In fact, Owens, though he vowed never to play anything but country, had a broad definition of what country meant. Beyond his beer hall ballad roots, he was also a fan of everything from The Beatles to Little Richard and incorporated their styles into his own tunes. After a string of number #1 hits throughout the 60’s (15 in all), his rock appreciation was soon returned as bands like The Byrds, The Grateful Dead, Bob Dylan, The Rolling Stones, The Flying Burrito Brothers, and The Beatles themselves all began cutting their own songs in the vein of the Bakersfied sound. The Beatles covered “Act Naturally” on Help! (1965), giving Owens enormous worldwide exposure, and Gram Parsons would pull often from the Owens oeuvre––the best I still think is his version of “Close Up The Honky Tonks,” Owens’ sad and funny plea to have all the bars in the world shut down in order to keep his nightlife loving baby in line.
At the one Owens show I saw a couple of years ago at Bimbo’s 365 Club in the North Beach, San Francisco, my only disappointment of the evening was that he didn’t play that particular song. Like I said, I had a circuitous introduction to the man, via neo-country outsiders (and Owens fans) like Parsons and Emmylou Harris. Nonetheless, the show was a surprising event––to see how many people turned up. I think it even sold out. But then San Francisco is always baffling in that way––the numerous microgenres of people’s interests. Still Owens, based in Bakersfield, was no stranger to the Bay Area. With his rock affinities, he and his Buckaroos were one of (if not the first) country groups to play The Fillmore back in the 60’s. And Owens himself always considered San Francisco to be his favorite city (outside of Tokyo) to play in. The diversity, he said, was inspiring.
When he and the newest iteration of the Buckaroos (sans Don Rich who died in a motorcycle accident in 1974––an event that sent Owens into a lengthy depression and almost ended his recording career) took the stage, they were all dressed in black. I had wondered before if they would still sport the wild vibrant nude suits that Gram Parsons appropriated from the Buckaroos during his brief career. Owens joked early on that Dwight Yokham had told him that if he would “only loosen up a bit”––like let his shirt tail fly––he “might make it in this business.”
He also said that he had seen Chris Isaacs in the audience earlier. Isaacs had told Owens that “he had a funny coat on.” Owens returned the dig by telling Isaacs that his coat looked like “a pizza coat. Got pastramis on it.” While Owens’ latter look may have been toned down, his fans complimented each other on their authentic retro country attire. “Nice shirt” and “cool buckle” could be heard as people filed in, as the opening act, a Bob Wills style country swing band called Red Meat, played their set. I even got props for my Vans––a pair of slip-on surfer shoes, but with an Evel Kneival style print of red, white and blue stars and stripes that could pass as an ode to Owens’ famous guitar. The crowd was ebullient, if all over the place age wise, as the 74 year old cruised through five classic numbers, ending with the rollicking “Tiger By The Tail,” before slowing it down for his heartbreaking transnational unrequited love ballad, “Made In Japan.”
By the time Owens et al (and a masterful et al at that––especially Terry Cristofferson, Buck’s lead guitar and pedal steel guy) got through song #20, it didn’t matter what Owens was wearing. What his all-American telecaster didn’t say for him, his haunted, chiseled, rarified look made up for. The aw golly visage of his Hee Haw days were put aside and it appeared that he had returned to his (I imagine) virile days of youth (when still a kid he passed for an adult, making his living in those Southwestern honky tonks). When the band got around to their Bruce Springsteen cover of “Pink Cadillac,” I realized that I had never before understood the utter raunchiness of that song. Buck and his new duet compatriot, Kim McAbee, slid up against each other’s backsides with a vigor that would have made up for all the bad Viagra commercials ever produced.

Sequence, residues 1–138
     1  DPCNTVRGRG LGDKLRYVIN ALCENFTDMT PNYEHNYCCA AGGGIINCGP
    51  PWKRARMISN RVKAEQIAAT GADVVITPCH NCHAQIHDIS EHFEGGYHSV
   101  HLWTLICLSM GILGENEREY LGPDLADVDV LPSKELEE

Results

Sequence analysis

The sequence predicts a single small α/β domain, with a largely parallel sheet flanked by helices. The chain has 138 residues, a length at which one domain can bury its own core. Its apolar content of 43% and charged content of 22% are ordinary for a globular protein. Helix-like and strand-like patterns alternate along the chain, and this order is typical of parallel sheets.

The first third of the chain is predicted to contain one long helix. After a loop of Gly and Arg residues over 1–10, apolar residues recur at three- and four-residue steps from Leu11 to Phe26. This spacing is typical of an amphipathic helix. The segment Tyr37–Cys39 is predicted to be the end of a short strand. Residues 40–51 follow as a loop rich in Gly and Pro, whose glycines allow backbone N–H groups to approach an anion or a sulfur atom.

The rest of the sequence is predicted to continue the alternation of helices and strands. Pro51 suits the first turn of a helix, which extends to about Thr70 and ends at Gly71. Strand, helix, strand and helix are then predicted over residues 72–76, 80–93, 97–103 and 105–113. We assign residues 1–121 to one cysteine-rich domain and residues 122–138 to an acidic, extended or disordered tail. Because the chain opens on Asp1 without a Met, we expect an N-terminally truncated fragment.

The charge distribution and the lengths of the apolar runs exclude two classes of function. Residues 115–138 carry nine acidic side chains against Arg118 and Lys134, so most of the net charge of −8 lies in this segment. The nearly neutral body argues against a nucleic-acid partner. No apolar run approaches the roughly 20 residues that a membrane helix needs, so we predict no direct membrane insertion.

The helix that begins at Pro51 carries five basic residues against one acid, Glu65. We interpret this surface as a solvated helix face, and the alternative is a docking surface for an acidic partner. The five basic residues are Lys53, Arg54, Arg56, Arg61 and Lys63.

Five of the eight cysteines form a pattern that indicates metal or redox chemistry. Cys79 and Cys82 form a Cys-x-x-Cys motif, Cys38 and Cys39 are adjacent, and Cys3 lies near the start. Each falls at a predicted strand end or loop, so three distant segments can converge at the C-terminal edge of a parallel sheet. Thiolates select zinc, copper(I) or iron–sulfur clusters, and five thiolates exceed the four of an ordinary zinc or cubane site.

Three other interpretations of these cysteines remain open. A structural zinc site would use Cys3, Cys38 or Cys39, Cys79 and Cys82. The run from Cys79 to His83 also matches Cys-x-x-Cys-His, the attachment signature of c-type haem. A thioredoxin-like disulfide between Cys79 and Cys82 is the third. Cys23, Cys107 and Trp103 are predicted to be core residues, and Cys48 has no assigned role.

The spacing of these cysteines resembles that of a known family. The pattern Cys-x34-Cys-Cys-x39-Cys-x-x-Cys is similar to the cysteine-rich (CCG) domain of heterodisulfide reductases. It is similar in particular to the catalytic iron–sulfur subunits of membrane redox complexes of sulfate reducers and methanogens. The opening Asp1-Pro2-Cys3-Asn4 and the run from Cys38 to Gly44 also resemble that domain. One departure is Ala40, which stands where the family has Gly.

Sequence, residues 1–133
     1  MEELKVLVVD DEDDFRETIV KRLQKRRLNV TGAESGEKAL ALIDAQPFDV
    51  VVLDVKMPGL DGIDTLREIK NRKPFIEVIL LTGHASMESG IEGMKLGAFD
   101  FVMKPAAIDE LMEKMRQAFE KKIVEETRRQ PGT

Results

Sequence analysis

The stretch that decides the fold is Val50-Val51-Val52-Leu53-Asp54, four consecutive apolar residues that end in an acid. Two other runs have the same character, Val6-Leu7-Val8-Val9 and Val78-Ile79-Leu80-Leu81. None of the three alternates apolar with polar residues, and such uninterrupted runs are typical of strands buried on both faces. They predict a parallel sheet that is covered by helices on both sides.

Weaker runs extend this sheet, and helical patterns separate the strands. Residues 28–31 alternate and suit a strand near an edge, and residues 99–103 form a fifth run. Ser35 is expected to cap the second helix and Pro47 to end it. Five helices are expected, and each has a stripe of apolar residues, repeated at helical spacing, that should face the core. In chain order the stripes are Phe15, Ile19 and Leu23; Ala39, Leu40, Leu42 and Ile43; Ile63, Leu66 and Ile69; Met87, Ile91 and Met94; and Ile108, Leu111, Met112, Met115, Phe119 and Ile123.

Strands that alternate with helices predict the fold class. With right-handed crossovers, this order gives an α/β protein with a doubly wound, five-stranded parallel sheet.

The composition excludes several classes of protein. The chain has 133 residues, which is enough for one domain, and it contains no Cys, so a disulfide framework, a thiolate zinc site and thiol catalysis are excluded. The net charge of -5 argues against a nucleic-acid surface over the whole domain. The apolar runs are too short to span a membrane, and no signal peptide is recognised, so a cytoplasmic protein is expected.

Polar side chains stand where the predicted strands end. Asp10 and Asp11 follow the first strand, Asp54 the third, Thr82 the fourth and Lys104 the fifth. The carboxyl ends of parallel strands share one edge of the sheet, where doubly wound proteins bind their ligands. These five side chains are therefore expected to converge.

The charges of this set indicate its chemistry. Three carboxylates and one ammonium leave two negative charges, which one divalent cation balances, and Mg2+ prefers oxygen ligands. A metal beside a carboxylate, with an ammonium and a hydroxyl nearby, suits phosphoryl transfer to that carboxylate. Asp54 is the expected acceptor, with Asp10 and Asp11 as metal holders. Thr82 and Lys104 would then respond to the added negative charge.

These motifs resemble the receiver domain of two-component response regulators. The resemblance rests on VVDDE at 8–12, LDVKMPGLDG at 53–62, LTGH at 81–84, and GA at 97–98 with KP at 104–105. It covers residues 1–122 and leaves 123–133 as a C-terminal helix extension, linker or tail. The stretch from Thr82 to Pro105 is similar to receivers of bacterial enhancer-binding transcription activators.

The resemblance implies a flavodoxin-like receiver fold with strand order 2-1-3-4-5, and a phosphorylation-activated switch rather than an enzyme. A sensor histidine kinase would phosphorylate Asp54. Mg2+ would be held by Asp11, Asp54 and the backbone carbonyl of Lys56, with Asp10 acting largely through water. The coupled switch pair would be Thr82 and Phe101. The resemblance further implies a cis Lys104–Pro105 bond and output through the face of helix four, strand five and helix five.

Owens, who though a little slurry over the evening (the aftereffects of throat surgery in 1993), never had problems with alcohol or drugs––his only vice being just too many women, he has said. He joked at one point, after a request for “For The Good Times,” given by some couple that was celebrating 25 years of marriage, that 25 years of being with the same person was just “cruel and unusual punishment.”
After the "Pink Cadillac" piece, Owens began fooling around with a fiddle as the band played “Soft Place to Fall.” With his back turned to the audience, he again seemed almost drunk and not able to tune the darn thing to play it. But seeing as he had masterfully managed the dobro in an earlier song, my doubts, I figured, were unfounded. And sure enough they were. Building from a rather sloppy beginning to a rendition of “Orange Blossom Special,” he finally got in the groove and tore the violin up, eventually bleeding into the old Bob Wills classic, “Faded Love.” At the end of that song, the lights went out, leaving Buck solo on the fiddle, ironing out a ghostly din. Years ago, this would have been Don Rich territory. And with no visuals, only the music, it seemed that Owens’ sound got better––as if he was in fact at that moment, audience unseen, having a sort of private phone call with his best buddy in heaven (and now perhaps they are jamming together in the great by and by).
There was no encore. When the band didn’t return to the stage, someone who saw me scribbling away asked if I was going to write something bad because they didn’t come back on. I turned and replied: “What? At 74? 20 songs and two hours? The guy was phenomenal. What more could you ask?”
Buck Owens & The Buckaroos played most Friday and Saturday Nights at Buck’s Crystal Palace in Bakersfield, CA, right up until his death this past Saturday. He was 76.
For more info go to www.buckowens.com